• Elaine Weiss’ The Woman’s Hour: The Great Fight to Win the Vote (2018). This is a nail-biter story of the ratification fight in Tennessee, the state that put the 19th Amendment over the top. This is not just the story of Tennessee, however, but about one of the many state-level campaigns in which those not allowed to vote sought to secure the vote from those who could. It also makes clear that this is a deeply political story, involving partisan struggles and the linkage to many interests and interest groups.

When I arrange for the students to do different readings, I clarify to them how this works pedagogically. We are studying a problem – the campaigns for and against the passage of the 19th Amendment. The story – and the class discussion – must encompass a wide range of forces and their interaction. By reading different works they bring to the classroom expertise in different aspects of the story and analysis, and the class discussion is devoted to bringing these together to create a higher-level understanding.

We began with an image-motivated discussion of resistance to woman suffrage. It is important for the students to understand how deeply misogynist the culture surrounding the woman suffrage movement was, and how profoundly inappropriate large segments of the population – perhaps a majority – found the idea of women voting. For this I turn to material culture, offering them a long series of slides depicting anti-suffrage caricatures found in postcards, political materials, sheet music, etc., and then some showing the images used by suffragists.

I drive home the point that the tropes found in the caricatures are instantly recognizable to them – the idea that politically engaged women have been rejected by men or should be are ugly, unloved, ignore their children and “henpeck” their husbands; and of course men themselves who support suffrage are not masculine. The pro-suffrage images offer classic depictions of liberty, justice, and women warriors.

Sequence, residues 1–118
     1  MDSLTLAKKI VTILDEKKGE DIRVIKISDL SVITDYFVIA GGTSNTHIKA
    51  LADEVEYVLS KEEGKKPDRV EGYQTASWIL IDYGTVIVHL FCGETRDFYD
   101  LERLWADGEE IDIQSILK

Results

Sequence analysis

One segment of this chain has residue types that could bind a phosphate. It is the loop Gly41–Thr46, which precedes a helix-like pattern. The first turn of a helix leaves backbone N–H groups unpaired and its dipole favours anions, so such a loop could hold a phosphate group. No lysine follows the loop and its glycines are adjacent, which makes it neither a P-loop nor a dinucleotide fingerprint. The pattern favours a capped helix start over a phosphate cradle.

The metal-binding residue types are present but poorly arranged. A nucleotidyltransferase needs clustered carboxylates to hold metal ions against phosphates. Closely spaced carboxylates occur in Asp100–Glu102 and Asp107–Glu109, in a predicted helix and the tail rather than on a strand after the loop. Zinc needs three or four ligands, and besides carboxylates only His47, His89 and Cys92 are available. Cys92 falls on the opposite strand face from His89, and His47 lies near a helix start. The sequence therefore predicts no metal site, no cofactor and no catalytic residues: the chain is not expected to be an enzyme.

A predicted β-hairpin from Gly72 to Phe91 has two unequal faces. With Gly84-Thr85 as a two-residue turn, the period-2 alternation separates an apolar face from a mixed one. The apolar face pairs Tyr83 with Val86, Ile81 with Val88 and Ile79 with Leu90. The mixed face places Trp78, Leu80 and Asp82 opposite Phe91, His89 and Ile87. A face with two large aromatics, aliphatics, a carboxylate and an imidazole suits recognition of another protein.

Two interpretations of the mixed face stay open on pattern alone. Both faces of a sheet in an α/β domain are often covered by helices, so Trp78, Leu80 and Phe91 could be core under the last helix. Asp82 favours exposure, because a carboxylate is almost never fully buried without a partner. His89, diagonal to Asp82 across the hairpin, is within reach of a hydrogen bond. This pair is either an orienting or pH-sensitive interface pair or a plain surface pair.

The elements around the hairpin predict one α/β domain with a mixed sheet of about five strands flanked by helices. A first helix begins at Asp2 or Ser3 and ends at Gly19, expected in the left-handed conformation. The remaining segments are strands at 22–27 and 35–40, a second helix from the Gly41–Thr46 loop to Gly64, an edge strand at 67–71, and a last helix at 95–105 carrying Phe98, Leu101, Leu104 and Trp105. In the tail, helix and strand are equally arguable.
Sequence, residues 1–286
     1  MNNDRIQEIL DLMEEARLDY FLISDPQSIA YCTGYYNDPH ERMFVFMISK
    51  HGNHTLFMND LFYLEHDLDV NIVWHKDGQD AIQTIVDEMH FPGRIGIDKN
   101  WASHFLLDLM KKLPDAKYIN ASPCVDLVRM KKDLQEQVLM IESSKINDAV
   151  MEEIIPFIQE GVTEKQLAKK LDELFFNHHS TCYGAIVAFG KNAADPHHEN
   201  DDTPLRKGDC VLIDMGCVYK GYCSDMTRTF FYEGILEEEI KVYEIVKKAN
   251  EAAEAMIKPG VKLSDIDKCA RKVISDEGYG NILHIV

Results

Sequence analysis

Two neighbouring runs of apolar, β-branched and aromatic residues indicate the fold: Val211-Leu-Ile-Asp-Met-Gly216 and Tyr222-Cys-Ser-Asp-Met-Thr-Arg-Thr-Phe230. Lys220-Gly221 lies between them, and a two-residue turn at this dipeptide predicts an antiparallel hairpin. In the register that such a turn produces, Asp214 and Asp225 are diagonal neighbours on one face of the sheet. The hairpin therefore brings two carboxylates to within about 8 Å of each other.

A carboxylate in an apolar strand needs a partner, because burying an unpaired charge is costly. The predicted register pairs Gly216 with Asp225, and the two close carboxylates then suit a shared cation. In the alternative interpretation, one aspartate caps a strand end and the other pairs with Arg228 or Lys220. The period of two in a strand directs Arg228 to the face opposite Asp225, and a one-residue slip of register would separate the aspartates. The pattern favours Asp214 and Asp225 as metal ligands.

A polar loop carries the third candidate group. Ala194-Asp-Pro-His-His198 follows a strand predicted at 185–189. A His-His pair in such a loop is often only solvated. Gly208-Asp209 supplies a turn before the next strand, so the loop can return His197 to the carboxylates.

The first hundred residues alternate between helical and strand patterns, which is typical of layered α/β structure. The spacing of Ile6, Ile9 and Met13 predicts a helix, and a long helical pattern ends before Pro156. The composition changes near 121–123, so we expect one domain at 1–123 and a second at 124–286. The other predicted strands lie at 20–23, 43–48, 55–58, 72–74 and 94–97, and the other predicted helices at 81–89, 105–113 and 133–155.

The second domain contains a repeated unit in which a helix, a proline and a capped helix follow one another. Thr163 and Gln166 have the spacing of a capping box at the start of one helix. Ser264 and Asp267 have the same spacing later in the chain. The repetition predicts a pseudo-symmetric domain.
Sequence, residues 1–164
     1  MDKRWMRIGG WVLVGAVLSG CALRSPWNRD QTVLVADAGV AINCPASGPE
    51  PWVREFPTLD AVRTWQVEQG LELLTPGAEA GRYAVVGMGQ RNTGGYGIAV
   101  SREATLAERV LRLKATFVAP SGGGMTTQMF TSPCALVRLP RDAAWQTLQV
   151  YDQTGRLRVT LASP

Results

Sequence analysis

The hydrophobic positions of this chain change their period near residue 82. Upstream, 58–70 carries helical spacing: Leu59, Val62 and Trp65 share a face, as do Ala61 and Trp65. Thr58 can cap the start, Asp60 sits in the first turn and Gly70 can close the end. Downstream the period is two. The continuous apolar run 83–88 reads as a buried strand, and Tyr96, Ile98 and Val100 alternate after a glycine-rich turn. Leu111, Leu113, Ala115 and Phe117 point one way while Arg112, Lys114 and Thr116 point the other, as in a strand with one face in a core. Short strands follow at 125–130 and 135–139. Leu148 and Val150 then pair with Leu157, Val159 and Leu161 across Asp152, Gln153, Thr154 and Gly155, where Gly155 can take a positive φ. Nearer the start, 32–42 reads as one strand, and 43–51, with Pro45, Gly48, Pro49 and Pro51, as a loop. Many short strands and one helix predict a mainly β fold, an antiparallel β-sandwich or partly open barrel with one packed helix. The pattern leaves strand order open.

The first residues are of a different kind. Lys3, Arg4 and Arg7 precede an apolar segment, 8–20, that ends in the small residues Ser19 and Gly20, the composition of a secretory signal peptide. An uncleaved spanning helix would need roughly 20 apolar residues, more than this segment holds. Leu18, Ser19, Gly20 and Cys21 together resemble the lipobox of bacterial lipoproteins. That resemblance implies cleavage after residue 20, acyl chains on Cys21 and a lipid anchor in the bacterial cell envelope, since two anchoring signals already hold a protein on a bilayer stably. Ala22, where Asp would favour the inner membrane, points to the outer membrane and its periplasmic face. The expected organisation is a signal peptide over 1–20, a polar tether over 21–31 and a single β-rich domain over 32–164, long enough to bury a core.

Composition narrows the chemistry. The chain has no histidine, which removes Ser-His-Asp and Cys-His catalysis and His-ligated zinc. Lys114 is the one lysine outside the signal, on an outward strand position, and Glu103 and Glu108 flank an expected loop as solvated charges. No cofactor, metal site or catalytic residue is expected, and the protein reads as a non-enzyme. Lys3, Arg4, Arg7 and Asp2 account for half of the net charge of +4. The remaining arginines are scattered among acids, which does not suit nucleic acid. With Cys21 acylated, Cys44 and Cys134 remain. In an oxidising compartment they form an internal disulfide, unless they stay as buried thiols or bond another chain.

We then turned to a third iteration of the timelines I have been using in class. Although we are not focusing primarily on chronology, chronology is important. We walked through a Late Suffrage Timeline to reach conclusions about different phases of the historical run up to the ratification. What were the paths the campaign took? What were the impacts of surrounding major events (like recessions, war, immigration) and changes in political and partisan leadership?

Finally, we discussed the students readings of their various books, giving them a chance to share the insights they gained on the 19th Amendment campaign from the particular stories they read, and trying to create a bigger story from their different readings.

Slides here: PO50519thNationalCampaign

Late suffrage timeline here: Late Suffrage Timeline detailed

The full set of blogs for this course are available at